Bruce and Martha Karsh are names that may not sound familiar, unless you follow the world of educational philanthropy, where they have been major, if quiet, players over the past couple of decades.

Through their foundation, this billionaire California couple — he is the founder of the investment firm Oaktree Capital Management — has given more than $300 million toward programs and scholarships that largely focus on lifting disadvantaged students.

Among their notable contributions was $10 million to Howard University in early 2020 to endow scholarships for students in science, technology, engineering and math fields. Theirs was, until then, the largest single-donor gift the historically Black institution had received in its century-and-a-half history.

Politics was something they largely avoided, figuring they had better things to do with their fortune. “I think pre-Trump we kind of took our democracy for granted, frankly,” Bruce Karsh, who rarely gives interviews, told me. “We were pretty apolitical, I guess, and we’ve supported candidates on both sides of the aisle. We made some contributions, but very small, and not meaningful.”

All of that began to change for them in 2017, when white supremacists marched in Charlottesville, the college town where the couple met four decades ago as law students at the University of Virginia. In 2018, they gave $43.9 million to U-Va.’s law school — its largest gift ever — to fund scholarships and set up a center there to promote the rule of law and democratic ideals.

But their anxiety about the state of democracy only grew in the aftermath of the 2020 presidential election, when President Donald Trump refused to accept the clear fact that he had lost, and then egged on a violent attack on the U.S. Capitol by his supporters.

“It just made us decide that we were going to go bigger and deeper, because this was a much more serious problem than we had thought, even two years earlier,” Bruce said.

On Friday morning, the University of Virginia will announce that the couple is giving $50 million, which the university has promised to match, to establish what will be known as the Karsh Institute of Democracy.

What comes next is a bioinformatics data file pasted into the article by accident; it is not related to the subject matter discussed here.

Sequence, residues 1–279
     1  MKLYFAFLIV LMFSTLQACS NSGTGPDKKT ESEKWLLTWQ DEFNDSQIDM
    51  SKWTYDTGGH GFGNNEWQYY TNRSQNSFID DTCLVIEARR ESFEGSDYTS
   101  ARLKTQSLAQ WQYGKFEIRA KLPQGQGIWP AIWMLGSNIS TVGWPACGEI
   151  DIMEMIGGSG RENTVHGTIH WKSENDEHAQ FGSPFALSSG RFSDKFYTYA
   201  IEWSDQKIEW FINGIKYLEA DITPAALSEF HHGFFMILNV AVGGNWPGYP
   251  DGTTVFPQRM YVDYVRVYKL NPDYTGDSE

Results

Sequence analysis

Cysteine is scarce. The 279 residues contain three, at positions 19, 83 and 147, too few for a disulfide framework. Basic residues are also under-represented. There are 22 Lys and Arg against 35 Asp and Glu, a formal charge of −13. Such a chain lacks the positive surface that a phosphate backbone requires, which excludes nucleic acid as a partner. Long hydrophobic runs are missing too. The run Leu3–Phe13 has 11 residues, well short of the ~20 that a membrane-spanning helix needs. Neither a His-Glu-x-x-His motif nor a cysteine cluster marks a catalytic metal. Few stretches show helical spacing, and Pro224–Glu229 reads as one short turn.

The institute will aim to elevate the practical understanding and promotion of democratic principles. One of its missions is to coordinate the expertise currently spread in a disjointed fashion across more than a half-dozen programs on the campus.

The new effort will be run by Melody Barnes, who directed the White House Domestic Policy Council under President Barack Obama and who before that was chief counsel to Sen. Edward M. Kennedy (D-Mass.).

I can’t think of a more fitting place for such an endeavor than this storied public university. It was founded by Thomas Jefferson, the author of the Declaration of Independence. Jefferson, James Madison and James Monroe — three U.S. presidents who hailed from Virginia — were all present when the cornerstone for U-Va.’s first building was laid in 1817.

What Barnes envisions is a vital center of scholarship and debate, a place that will bring together political leaders across the ideological spectrum with historians and economists, scientists and educators with artists and cultural leaders.

The goal, she explained, is to “start to put ideas into the bloodstream, in such a way that they start to shape the way that policymakers, and business leaders, and grass-roots leaders in the public are thinking and talking about them, so that they can in turn then shape legislation and policy and practice."

The fragility of our system of laws and rights has rarely been more apparent than at this moment. Every day, we see people who describe themselves as “patriots” mobilizing to overturn election results and make it harder for people to vote.

It is an urgent situation, which is why more than 100 scholars of democracy signed a “statement of concern” this week calling upon Democratic senators to suspend the filibuster and pass a national set of voting protections.

But it is also true that the corrosive forces that have undermined confidence in democracy did not begin with Trump, and have not shown any sign of subsiding with his departure from office. So it is worthwhile to examine them with a longer lens than a two- or four-year election cycle.

Set against the ugliness of the current political climate, can even a $100 million investment in the study, teaching and promotion of democracy really make a difference?

“I think you have to start with educating people,” Martha Karsh said. Thomas Jefferson, who more than 200 years ago designed the “academical village” where this experiment in revitalizing democracy will take place, would no doubt agree.

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